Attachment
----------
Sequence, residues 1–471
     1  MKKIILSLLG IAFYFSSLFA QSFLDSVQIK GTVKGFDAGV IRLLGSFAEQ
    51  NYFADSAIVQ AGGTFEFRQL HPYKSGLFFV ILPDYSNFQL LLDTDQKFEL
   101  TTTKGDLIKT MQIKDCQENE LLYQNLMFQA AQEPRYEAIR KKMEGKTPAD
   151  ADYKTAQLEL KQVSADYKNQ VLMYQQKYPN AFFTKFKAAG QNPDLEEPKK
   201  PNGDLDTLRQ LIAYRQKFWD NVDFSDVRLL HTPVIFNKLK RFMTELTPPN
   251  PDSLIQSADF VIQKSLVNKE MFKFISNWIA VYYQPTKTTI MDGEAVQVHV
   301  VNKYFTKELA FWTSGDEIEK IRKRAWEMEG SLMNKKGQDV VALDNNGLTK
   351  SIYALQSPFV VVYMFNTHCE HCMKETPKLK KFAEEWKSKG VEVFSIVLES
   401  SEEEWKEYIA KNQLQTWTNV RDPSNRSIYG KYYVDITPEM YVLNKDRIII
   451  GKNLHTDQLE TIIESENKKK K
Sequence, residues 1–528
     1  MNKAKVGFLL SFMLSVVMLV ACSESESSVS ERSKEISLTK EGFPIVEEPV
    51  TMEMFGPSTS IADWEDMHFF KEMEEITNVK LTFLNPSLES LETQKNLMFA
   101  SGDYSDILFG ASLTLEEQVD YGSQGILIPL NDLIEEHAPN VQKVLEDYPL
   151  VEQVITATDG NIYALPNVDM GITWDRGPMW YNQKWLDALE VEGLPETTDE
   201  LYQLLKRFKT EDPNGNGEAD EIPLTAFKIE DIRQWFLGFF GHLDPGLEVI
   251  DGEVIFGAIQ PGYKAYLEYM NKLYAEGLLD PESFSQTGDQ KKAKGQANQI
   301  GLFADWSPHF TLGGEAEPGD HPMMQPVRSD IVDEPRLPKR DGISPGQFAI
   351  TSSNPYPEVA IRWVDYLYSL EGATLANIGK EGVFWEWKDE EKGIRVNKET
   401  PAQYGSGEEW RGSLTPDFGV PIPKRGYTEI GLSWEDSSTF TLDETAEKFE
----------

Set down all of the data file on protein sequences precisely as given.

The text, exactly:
Sequence, residues 1–471
     1  MKKIILSLLG IAFYFSSLFA QSFLDSVQIK GTVKGFDAGV IRLLGSFAEQ
    51  NYFADSAIVQ AGGTFEFRQL HPYKSGLFFV ILPDYSNFQL LLDTDQKFEL
   101  TTTKGDLIKT MQIKDCQENE LLYQNLMFQA AQEPRYEAIR KKMEGKTPAD
   151  ADYKTAQLEL KQVSADYKNQ VLMYQQKYPN AFFTKFKAAG QNPDLEEPKK
   201  PNGDLDTLRQ LIAYRQKFWD NVDFSDVRLL HTPVIFNKLK RFMTELTPPN
   251  PDSLIQSADF VIQKSLVNKE MFKFISNWIA VYYQPTKTTI MDGEAVQVHV
   301  VNKYFTKELA FWTSGDEIEK IRKRAWEMEG SLMNKKGQDV VALDNNGLTK
   351  SIYALQSPFV VVYMFNTHCE HCMKETPKLK KFAEEWKSKG VEVFSIVLES
   401  SEEEWKEYIA KNQLQTWTNV RDPSNRSIYG KYYVDITPEM YVLNKDRIII
   451  GKNLHTDQLE TIIESENKKK K
Sequence, residues 1–528
     1  MNKAKVGFLL SFMLSVVMLV ACSESESSVS ERSKEISLTK EGFPIVEEPV
    51  TMEMFGPSTS IADWEDMHFF KEMEEITNVK LTFLNPSLES LETQKNLMFA
   101  SGDYSDILFG ASLTLEEQVD YGSQGILIPL NDLIEEHAPN VQKVLEDYPL
   151  VEQVITATDG NIYALPNVDM GITWDRGPMW YNQKWLDALE VEGLPETTDE
   201  LYQLLKRFKT EDPNGNGEAD EIPLTAFKIE DIRQWFLGFF GHLDPGLEVI
   251  DGEVIFGAIQ PGYKAYLEYM NKLYAEGLLD PESFSQTGDQ KKAKGQANQI
   301  GLFADWSPHF TLGGEAEPGD HPMMQPVRSD IVDEPRLPKR DGISPGQFAI
   351  TSSNPYPEVA IRWVDYLYSL EGATLANIGK EGVFWEWKDE EKGIRVNKET
   401  PAQYGSGEEW RGSLTPDFGV PIPKRGYTEI GLSWEDSSTF TLDETAEKFE